Victorian volunteer firefighters to receive training through virtual reality simulation
Victorian volunteer firefighters will all soon have access to virtual reality (VR) training that is set to be rolled out across the state.
Developed by Victorian-based company Flaim Systems and Deakin University, the VR training has been designed to simulate dangerous fire scenarios such as house fires, grass fires, and plane fires. It uses a combination of real firefighting equipment such as breathing apparatuses and hose reels, as well as automated sense-perception devices like heat pads to mimic the visual and sensory feelings of being in a real fire.
The training program is made up of two components — Flaim Trainer and Flaim Extinguisher — which will be rolled out to train over 30,000 volunteer firefighters during the year.
Victorian Minister for Police and Emergency Services Lisa Neville said the training program would help teach firefighters the skills they need, while also minimising logistics and cost associated with real-life training scenarios.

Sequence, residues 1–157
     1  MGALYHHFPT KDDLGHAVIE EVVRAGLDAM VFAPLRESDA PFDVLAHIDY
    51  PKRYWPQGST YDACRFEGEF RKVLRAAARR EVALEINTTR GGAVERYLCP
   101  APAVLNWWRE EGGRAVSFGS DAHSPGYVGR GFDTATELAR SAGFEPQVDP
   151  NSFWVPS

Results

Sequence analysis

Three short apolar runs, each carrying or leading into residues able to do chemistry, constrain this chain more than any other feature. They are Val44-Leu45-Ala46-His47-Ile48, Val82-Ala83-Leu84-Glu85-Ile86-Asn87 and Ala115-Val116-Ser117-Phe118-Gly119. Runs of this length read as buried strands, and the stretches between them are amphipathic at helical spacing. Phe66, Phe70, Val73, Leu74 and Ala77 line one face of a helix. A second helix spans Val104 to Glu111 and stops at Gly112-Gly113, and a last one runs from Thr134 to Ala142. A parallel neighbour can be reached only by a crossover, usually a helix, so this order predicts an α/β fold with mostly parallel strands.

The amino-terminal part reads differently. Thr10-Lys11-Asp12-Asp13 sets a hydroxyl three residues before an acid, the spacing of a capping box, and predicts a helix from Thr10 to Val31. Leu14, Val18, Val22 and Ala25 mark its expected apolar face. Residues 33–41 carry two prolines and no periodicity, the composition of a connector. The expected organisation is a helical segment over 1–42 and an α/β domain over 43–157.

“It will give our hard-working volunteer firefighters the ability to extend their skills without exposing them to danger, and allow the CFA to expand its practical training to include more complex scenarios, such as aeroplane fires, without the costs of acting out this scenario in real life,” she said.
“We’re ensuring our emergency services have the tools and resources they need to keep the community safe — this includes significant investment in the training capabilities of our volunteers on the frontline.”
The rollout of the VR training program is being funding through a AU$60 million investment under the Victorian government’s 2017 Fire Services Statement.
The program follows in the footsteps of the Queensland Fire and Emergency Services (QFES), which adopted a VR training program last year to help train new firefighting recruits and SES volunteers.
QFES touted the use of VR would save thousands of dollars. “Each compartment burn can range from AU$5,000 to AU$10,000 to organise, so we’re reducing at least three-quarters straight up,” QFES inspector Bruce Budge told ZDNet at the time.
“It also takes time to get people in the gear for it … [and] following these burns compartments, a cleaning and decontamination process is required, which can add to the time factor.”
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Meanwhile, UniSA is using VR technology to teach skills to children with intellectual disabilities.